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LCA Testifies at LED Hearing on ITEP Rules Changes

The Louisiana Department of Economic Development hosted a public hearing on December 29, 2016 to hear comments on proposed rule changes regarding the Industrial Tax Exemption Program.

The proposed rules changes were originally suggested in an Executive Order by Gov. John Bel Edwards back in June 2016. The governor holds executive authority on this issue, but LCA President Greg Bowser attended and testified at the meeting to put the interests of the chemical manufacturing industry on the record. The text of his testimony can be read below.

 

Louisiana Chemical Association Comments

Public Hearing to enact, amend and reenact Rules of the administration of the capital industrial ad valorem exemption program CAP (LAC 13:1. Ch. 5) to implement programmatic changes in alignment with executive orders 16-25 and 16-73.

My name is Greg Bowser, president of the Louisiana Chemical Association and the Louisiana Chemical Industry Alliance. The LCA represents the interests of more than 60 chemical manufacturing companies with more than 100 locations in Louisiana. The LCIA is a group of more than 800 businesses that support the state’s chemical plants with products, services and supplies.

We understand that the governor has the constitutional authority to determine how the industrial ad valorem exemption program operates. We understand that these rules proposed today are an attempt to enforce the mandates of his executive order.

We have a number of concerns about the direction of the program:

Based on our understanding of the major manufacturing facilities in this state, we are concerned that many of the large expansions and new plants that have announced over the last several years will go elsewhere in the future. Louisiana’s historic 10-year industrial property tax exemption program has been the economic difference in many competitions with other states and countries.

The elimination of miscellaneous capital expenditures limits opportunities for existing facilities to compete against sister plants in other states and countries for modernization and incremental growth. The fear is it will be more difficult to maintain the 40 to 60-year life of our manufacturing facilities without these incentives.

The program still does not take into consideration the retention of jobs or contract jobs. It is important to note contract workers at manufacturing facilities are, in many cases, permanent jobs. The additional contract workers that come onboard during turnarounds for maintenance and other regular functions and new construction migrate from one plant to another, up and down the Mississippi River and around South Louisiana. These are also full-time jobs.

Our greatest concern is how the Cooperative Endeavor Agreements are going to work with local government officials. We understand this is a work in progress. We understand that LED is attempting to develop a formula with the parish councils or police juries, the school boards and the sheriffs. However, we suspect this will not be an easy process. Hopefully, what is developed will be consistent throughout all parishes and not a patchwork system of different formulas.

For those companies looking to make large investments on major projects in Louisiana and other states, this new situation creates major difficulties. Confidentiality on projects and competition under consideration is critical. It will be important for all parties to recognize the actions of those bodies on CEAs will need to remain confidential.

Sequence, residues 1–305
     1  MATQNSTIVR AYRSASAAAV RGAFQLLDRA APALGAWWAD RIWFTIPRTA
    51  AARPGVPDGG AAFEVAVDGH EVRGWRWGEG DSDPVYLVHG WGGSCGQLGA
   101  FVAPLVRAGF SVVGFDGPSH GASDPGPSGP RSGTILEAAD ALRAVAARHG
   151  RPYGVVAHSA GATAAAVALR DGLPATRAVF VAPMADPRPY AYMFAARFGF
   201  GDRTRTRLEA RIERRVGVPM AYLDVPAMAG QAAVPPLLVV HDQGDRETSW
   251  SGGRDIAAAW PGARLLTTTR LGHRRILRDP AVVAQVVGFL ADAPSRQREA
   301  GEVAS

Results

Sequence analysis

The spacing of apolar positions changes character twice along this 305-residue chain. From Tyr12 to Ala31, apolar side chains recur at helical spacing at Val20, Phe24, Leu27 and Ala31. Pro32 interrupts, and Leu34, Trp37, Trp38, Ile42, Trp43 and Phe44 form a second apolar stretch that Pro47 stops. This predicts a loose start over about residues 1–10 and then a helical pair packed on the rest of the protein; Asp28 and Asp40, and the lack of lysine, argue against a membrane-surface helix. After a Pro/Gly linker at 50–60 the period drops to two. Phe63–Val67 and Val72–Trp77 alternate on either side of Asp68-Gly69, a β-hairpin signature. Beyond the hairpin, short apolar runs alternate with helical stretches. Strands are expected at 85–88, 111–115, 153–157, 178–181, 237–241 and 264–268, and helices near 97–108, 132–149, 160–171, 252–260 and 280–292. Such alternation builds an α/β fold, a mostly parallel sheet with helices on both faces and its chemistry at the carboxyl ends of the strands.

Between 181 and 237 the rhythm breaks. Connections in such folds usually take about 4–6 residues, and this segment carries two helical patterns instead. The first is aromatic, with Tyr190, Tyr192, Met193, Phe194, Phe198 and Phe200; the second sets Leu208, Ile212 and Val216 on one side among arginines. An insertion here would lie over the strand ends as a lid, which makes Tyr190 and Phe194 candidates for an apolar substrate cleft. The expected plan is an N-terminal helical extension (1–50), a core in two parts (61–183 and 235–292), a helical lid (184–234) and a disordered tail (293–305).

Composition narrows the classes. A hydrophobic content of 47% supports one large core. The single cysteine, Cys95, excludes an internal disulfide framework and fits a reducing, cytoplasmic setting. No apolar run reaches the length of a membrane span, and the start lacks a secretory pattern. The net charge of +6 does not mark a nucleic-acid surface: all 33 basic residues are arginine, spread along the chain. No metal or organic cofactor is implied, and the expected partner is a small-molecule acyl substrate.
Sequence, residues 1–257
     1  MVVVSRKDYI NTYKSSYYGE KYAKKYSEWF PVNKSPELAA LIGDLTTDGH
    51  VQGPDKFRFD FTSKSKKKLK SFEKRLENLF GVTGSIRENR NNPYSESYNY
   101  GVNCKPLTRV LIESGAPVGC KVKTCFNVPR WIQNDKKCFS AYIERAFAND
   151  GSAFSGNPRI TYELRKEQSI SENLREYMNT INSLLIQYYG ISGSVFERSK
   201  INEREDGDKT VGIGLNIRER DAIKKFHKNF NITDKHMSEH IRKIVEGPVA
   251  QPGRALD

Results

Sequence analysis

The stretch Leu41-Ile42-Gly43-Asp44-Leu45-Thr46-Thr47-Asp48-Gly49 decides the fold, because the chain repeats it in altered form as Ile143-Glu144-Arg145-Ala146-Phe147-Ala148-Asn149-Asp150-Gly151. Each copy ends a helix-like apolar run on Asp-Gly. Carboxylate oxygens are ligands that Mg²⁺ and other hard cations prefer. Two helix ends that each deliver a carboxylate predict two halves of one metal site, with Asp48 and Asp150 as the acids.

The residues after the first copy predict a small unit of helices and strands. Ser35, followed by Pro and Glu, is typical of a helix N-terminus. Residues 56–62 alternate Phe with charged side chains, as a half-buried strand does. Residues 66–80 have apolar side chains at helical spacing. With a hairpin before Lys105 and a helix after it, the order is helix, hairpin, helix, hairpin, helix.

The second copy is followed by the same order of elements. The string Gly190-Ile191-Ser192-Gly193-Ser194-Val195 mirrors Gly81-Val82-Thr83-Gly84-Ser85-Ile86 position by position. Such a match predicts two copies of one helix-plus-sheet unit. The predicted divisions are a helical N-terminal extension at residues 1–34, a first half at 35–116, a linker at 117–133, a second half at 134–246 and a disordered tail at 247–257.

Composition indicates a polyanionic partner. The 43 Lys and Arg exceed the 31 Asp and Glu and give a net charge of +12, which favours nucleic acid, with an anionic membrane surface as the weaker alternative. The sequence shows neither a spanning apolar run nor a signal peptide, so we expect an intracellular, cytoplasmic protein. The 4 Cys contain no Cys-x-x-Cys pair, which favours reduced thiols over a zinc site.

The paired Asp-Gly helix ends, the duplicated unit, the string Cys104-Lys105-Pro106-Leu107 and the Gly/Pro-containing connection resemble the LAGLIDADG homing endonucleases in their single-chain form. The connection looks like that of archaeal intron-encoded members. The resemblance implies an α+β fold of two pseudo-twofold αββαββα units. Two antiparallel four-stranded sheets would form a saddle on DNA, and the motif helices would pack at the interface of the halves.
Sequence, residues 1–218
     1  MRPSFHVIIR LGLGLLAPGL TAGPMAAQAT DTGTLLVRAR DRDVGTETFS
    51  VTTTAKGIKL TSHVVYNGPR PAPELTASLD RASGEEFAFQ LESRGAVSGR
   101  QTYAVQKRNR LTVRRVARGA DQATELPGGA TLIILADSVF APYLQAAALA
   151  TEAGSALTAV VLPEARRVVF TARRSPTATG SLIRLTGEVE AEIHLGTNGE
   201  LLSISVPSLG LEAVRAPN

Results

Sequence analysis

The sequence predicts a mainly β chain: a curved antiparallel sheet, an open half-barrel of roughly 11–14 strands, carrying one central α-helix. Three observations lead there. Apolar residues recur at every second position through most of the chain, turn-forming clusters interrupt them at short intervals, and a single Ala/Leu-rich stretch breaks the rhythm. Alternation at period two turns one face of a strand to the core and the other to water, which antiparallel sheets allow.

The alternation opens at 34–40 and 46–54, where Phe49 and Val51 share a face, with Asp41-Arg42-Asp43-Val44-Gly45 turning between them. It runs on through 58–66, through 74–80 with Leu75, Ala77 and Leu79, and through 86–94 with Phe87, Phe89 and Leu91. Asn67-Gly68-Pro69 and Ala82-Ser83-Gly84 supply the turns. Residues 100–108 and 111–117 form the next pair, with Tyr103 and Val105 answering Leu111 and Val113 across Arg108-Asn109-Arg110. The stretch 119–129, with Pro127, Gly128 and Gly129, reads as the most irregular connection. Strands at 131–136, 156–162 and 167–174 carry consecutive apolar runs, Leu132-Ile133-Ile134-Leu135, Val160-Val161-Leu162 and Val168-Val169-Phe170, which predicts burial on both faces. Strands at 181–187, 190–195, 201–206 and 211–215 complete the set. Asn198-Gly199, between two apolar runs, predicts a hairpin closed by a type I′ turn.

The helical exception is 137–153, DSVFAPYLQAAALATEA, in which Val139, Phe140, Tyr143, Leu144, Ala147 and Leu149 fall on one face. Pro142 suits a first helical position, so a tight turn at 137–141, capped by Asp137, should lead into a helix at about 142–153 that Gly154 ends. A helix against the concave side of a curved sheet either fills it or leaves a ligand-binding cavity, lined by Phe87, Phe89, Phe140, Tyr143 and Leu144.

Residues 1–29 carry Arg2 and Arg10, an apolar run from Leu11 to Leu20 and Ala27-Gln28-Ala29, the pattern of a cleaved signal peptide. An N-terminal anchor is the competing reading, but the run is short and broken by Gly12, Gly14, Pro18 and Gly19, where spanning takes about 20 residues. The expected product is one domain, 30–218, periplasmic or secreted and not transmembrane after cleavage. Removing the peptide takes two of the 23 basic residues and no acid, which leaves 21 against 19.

For instance, An LCA member in Calcasieu Parish undergoing a major expansion reported when they went through the process they signed nondisclosure agreements with LED, the Port of Lake Charles and the Chamber of Southwest Louisiana. These groups have experience preventing external information leaks that could harm ongoing projects. This confidence is important to companies because economics are one of the first aspects of project development to be established and incentives are the key component in considering multiple site locations. This information, if disclosed, could cause changes, including stock price fluctuation that would leave the company at a disadvantage and in violation of federal Securities and Exchange Commission laws. These abuses are subject to insider trading rules and violation of those rules land people in jail.

Under these rules, our members will be required to negotiate agreements with more than three authorities: police juries or parish councils, school boards, sheriffs and other tax authorities totaling dozens of people. Upper management would be unlikely to approve disclosing information to groups of this size unprepared to handle the risks the companies face. In addition, public debate and disclosure of a site location could violate company rules and prevent progress on the investment decision.

These are major concerns. This ad valorem exemption program is one factor of many that influence the site selection procedure. As part of the greater development process, complications can have far-reaching consequences.

As stated, these rules create an environment that will further complicate and stall both new investment and routine improvements across the chemical manufacturing industry. These rules should be studied further and in the future crafted to achieve local access and input with guidance from the business community that must operate within them.

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